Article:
Everybody except the noble Lord, Lord Phillips, welcomed the diminution of ministerial involvement in decisions about market investigations. We shall no doubt hear from the noble Lord, Lord Phillips, on that subject in Committee and I look forward to that. He made the only really radical speech in the whole debate, if he does not mind my saying so.
I have dealt with the issue of the competition test. There was considerable discussion on the criminal offence and the issue of dishonesty. The noble Lord, Lord Razzall, welcomed it. The noble Baroness, Lady 186 Miller, was concerned that it should not be thought of as being the same thing as theft and she objected to the use of theft. I am not sure that I agree with her. The dishonesty element will ensure that only people who are entering into agreements which they know to be wrong may be charged with a criminal offence and dishonesty will be tested against standards already established in case law. Juries will ask themselves whether what was done was dishonest by the standards of reasonable people and whether the defendant understood that that was the case.
It has not been defined in existing legislation but the relevant legislation is of course the Theft Act 1968. I think there is a reasonable balance between the civil offences and the criminal offences just as I believe there is the same reasonable balance in the Financial Services and Markets Act. The working together of the OFT and the Serious Fraud Office means that the OFT will be collecting evidence to different standards for civil and criminal cases. For criminal cases it will need to follow the Police and Criminal Evidence Act criteria and procedures because it will have to hand that over to the Serious Fraud Office. Incidentally, I would say to the noble Lord, Lord Phillips, and the noble Lord, Lord Hodgson, that the SFO conviction rates, which admittedly were lower in earlier years, have risen to 87 per cent in 1997–2002. My judgment is that my noble friend Lord Borrie was right in approving the decision to have those matters dealt with by the Serious Fraud Office.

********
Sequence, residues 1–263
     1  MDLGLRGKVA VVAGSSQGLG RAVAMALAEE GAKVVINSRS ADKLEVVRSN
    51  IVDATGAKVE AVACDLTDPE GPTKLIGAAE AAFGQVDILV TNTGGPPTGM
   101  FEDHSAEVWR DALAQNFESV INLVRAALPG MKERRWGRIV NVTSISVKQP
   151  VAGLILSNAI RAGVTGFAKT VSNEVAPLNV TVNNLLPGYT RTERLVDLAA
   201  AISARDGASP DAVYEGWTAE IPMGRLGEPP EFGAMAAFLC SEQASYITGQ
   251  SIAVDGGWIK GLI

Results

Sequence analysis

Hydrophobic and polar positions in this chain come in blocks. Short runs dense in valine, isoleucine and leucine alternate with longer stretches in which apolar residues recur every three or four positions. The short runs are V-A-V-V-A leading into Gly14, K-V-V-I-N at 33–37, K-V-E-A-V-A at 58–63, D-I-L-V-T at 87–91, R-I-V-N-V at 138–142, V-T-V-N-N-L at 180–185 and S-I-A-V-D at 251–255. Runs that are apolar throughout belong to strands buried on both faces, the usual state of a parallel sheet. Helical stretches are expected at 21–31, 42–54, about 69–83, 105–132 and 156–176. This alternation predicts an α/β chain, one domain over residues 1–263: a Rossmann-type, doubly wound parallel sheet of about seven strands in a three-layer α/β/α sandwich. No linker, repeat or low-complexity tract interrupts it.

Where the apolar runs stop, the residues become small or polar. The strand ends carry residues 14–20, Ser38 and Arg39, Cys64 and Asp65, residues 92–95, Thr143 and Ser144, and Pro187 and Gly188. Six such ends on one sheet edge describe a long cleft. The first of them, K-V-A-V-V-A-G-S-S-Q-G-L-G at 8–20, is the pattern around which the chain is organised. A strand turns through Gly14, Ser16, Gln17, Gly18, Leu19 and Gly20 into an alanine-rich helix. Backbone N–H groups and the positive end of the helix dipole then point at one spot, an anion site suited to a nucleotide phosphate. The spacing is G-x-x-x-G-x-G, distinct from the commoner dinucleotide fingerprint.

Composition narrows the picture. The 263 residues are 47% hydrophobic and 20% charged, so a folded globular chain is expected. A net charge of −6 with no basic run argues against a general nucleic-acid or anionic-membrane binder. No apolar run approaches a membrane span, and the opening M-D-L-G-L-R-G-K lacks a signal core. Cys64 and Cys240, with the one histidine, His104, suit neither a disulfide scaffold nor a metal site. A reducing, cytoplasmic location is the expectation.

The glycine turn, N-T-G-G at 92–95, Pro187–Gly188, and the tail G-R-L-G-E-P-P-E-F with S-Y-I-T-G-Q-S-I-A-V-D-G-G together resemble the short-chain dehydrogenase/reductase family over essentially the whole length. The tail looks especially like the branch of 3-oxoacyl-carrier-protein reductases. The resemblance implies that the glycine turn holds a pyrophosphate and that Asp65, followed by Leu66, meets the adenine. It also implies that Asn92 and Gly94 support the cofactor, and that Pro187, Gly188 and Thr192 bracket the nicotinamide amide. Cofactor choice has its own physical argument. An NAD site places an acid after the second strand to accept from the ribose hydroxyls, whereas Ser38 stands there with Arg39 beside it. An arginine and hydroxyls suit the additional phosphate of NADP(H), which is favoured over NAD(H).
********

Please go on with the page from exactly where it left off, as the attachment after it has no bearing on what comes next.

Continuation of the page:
Finally on the issues involving competition, there was concern about disclosure and information. I heard what my noble friend Lord Brennan said about overprotecting the corporate system. I was interested in the fact that implicitly the noble Lord, Lord Phillips, made similar points. If that issue is raised in amendments, I shall consider them with interest.
I turn to consumer issues. I am glad to say that to some extent I have already pre-empted myself by discussing the accountability of the OFT. It will be accountable to the Secretary of State, Parliament and the public. The chairman could be summoned by Select Committees. It will have to follow the general principles of good governance for all bodies corporate. It will have to publish an annual plan and an annual report, which will inevitably cover some of the elements of a regulatory impact assessment. It may or may not decide to publish minutes. The appointments will be in accordance with Nolan principles. I must resist the idea that comes up from time to time that there should be prior approval of appointments by a Commons committee. If that is to be done, we should do so knowing what we are doing rather than introduce the practice piecemeal. However, I have said that before and I guess that it becomes less convincing each time that I say it. The noble Viscount, Lord Astor, was concerned that the OFT should act in accordance with the principles of good governance. We believe that it will do so.
I have answered the issues raised by my noble friend Lord Borrie and, to some extent, by the noble Viscount, Lord Astor, about the role of the board. The noble Baroness, Lady Miller, asked for the assurance 187 that the OFT would still have to give proper consideration to complaints from members of the public, not just super-complaints. The OFT will have to consider any complaint that it receives that raises issues that are relevant to its functions. The special procedure for super-complaints does not affect that. She also asked for further information about what sort of bodies could be designated enforcers in relation to Part 8 for consumer protection purposes. The private bodies will be designated by the Secretary of State in a statutory instrument. They must have as one of their aims the protection of the collective interests of consumers and they must fulfil criteria that are set out by the Secretary of State, which will be designed to ensure that they act impartially, independently and with integrity and that they have the ability to take action under Part 8. The criteria will be based on the criteria for designation that are set out in the stop now orders, on which we will consult fully. If those bodies behave in a way that does not meet the criteria, we could take away the designation.